There is a wonderful feeling when you finish a knitted item. This is especially true with a sock. You admire the knitting, the skill involved in turning such a beautiful heel, the way that yarn really suits the other items in your wardrobe. You imagine wearing them tomorrow.
And then you remember — you haven't worked the second one yet....
Oh gloom. The Second-Sock Syndrome has settled over you. You have to start all over again and do another cuff, then another heel and all the way down the foot again. Or consign the first one to the Lonely Sock Basket waiting for a partner that never appears.
So here's a solution: work them at the same time! And I don't mean with two socks on the same set of needles. I don't know about you but I've never managed to make that work. At some point I forget where I am or get the yarns all tangled up. No, what I am suggesting is to work them both in tandem.
You do need two circular needles or sets of dpn's of the same size, but if you're anything like me that won't be an issue. I always like to have back-up needles anyway, so they're always on hand if I want to use them both at the same time.
So, first you cast on for one and start the cuff, then cast on for the second and get it to catch up and overtake the first. Now there is a race on: which one is going to finish the cuff first? I have some "Needle Keepers" to protect my needles so I have the green tube on one sock and the pink one on the other. Will the green sock succeed and get to the leg first or the pink?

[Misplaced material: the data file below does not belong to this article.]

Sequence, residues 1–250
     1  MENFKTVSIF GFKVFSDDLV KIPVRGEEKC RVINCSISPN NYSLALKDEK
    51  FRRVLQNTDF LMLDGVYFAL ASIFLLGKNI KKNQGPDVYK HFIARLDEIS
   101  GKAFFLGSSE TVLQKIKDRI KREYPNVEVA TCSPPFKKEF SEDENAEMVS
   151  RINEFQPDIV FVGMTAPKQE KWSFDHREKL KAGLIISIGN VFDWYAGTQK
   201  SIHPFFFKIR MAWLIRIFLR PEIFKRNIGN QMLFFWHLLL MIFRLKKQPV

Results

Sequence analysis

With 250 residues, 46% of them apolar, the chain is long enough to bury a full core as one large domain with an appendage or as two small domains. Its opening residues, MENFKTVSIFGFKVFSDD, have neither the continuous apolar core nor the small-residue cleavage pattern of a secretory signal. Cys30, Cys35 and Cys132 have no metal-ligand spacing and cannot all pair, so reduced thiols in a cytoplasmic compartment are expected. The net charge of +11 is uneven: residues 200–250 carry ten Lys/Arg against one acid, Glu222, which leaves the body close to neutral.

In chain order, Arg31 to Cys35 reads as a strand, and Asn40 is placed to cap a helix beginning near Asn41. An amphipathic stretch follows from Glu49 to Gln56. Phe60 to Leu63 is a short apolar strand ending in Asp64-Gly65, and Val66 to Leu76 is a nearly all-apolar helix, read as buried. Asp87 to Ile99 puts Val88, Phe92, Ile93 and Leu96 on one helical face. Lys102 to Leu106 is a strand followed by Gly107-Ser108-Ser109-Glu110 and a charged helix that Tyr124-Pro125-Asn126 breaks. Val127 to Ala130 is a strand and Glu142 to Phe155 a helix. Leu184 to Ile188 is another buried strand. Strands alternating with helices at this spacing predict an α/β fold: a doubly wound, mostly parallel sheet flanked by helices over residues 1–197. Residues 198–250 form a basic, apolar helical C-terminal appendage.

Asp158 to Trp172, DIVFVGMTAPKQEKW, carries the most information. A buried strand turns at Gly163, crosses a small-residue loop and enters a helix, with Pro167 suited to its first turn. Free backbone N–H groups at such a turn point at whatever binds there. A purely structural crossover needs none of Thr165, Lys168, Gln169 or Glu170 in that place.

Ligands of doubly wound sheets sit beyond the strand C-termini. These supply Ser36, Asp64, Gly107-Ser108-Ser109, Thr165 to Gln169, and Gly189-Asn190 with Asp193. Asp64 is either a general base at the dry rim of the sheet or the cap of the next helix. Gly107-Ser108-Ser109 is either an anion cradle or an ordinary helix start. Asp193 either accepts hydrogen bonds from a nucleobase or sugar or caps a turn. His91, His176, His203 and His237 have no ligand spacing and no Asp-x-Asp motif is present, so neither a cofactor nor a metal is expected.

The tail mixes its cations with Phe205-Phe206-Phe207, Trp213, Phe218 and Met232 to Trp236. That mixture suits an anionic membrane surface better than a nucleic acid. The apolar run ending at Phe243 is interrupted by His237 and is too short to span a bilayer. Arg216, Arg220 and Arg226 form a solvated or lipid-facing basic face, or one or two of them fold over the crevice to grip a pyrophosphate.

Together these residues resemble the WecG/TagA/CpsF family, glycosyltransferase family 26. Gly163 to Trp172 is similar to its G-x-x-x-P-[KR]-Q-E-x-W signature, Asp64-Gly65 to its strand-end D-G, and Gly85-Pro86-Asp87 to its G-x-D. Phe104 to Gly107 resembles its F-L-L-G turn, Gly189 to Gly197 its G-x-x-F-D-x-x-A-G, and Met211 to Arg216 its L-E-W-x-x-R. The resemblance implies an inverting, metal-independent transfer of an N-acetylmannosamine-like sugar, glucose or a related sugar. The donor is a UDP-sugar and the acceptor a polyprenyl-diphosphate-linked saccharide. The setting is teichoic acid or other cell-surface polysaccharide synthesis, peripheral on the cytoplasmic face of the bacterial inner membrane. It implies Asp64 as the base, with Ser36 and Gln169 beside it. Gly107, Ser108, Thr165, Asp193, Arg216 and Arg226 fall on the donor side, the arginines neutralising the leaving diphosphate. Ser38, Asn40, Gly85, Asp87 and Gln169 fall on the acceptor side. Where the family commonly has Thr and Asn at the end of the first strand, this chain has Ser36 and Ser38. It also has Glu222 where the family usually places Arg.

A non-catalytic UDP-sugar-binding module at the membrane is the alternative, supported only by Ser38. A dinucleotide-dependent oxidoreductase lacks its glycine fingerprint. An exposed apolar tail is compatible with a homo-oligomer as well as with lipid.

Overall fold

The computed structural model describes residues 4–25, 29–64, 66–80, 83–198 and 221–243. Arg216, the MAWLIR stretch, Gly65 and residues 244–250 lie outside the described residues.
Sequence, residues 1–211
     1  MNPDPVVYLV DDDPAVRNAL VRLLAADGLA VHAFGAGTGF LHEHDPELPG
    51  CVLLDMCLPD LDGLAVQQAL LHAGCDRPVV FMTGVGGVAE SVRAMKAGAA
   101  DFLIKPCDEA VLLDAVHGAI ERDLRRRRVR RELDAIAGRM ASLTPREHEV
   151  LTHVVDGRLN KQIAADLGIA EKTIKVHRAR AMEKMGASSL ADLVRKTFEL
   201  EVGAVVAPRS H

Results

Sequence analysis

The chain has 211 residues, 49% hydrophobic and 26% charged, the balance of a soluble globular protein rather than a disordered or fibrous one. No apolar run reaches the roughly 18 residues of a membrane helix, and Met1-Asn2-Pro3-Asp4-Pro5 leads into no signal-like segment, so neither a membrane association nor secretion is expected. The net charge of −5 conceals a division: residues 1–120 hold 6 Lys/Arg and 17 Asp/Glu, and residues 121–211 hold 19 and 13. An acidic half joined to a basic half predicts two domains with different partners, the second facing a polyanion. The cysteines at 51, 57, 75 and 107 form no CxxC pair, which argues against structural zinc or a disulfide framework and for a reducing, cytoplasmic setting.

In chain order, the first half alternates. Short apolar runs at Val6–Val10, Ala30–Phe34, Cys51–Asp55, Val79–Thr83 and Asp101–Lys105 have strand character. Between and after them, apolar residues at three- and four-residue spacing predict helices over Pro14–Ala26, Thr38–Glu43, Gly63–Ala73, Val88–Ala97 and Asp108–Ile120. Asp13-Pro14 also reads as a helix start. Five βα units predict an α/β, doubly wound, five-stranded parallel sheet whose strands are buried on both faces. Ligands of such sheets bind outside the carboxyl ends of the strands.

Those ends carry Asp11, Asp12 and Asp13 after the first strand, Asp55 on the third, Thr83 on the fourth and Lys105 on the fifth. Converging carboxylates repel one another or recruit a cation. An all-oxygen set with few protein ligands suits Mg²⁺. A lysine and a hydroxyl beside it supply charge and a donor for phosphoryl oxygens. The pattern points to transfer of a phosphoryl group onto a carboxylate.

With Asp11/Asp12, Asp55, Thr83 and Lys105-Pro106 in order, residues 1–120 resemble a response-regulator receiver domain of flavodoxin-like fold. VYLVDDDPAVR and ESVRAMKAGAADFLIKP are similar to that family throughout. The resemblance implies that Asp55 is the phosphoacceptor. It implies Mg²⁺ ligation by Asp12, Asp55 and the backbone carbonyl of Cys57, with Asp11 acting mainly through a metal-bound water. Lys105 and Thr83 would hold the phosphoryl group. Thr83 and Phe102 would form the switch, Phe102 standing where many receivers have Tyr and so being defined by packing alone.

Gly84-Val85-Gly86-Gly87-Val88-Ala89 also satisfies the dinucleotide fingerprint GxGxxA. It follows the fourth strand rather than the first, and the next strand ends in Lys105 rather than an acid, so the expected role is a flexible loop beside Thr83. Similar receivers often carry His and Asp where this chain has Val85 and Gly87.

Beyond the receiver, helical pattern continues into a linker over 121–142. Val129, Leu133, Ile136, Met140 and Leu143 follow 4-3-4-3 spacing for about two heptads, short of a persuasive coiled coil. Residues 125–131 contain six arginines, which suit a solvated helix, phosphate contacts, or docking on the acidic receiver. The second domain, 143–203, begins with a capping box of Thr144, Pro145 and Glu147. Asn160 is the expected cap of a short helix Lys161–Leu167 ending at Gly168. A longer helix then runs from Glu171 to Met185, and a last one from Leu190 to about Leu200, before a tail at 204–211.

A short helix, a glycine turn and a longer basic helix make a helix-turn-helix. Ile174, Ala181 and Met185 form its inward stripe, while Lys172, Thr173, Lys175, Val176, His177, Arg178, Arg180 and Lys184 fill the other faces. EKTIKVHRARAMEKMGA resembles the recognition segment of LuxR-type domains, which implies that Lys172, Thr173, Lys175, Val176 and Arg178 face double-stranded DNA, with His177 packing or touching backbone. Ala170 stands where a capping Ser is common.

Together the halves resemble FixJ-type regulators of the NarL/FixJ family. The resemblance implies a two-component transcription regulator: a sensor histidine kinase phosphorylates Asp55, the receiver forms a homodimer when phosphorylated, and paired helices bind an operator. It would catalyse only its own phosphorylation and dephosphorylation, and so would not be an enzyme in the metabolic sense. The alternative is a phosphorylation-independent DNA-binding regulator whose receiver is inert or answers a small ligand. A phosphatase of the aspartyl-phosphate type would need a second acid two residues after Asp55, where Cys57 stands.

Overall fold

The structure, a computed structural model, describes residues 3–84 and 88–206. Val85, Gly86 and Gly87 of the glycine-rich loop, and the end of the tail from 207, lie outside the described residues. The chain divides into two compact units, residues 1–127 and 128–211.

OK, I have mentioned before that I am easily amused. And yes, I did use to play myself at chess. It's surprising how satisfying that is, if you haven't tried it!
So now they are both at the leg and before you know it you are working the heel on one and while the technique is still fresh in your mind, you can polish off the second one. Funnily enough when you work them together in this way, the second heel always seems easier than the first...
Now it's the race down the foot. Just make sure that one of them doesn't make a mad sprint to the toe before the other can catch up.
Then one toe, and now the next. Then it's time to find your tapestry needle for the dreaded graft of the toes (Kitchener Stitch as it used to be called). Once again you might be surprised at how easy the second one seems once you have done the first. It's all a matter of recalling the skills that you had last time you made a sock, isn't it.
And there you are. Two socks finished in double quick time.
Now you really can wear them tomorrow!
Btw, the socks here are one of favourite sock patterns, the Mentmore Socks. These are snug, comfy, cushioned socks and one of my regular go-to patterns when I want to make a new pair of socks. I'll post some more pictures of the ones I'm currently knitting next time. I'm working these in Austermann Step Classic yarn and I'm loving how they're coming out.
Btw #2, I have just updated the pattern with the details of the cuff I have worked here. You can read more about that in the next blogpost.
Until next time,
Happy Sock Knitting!
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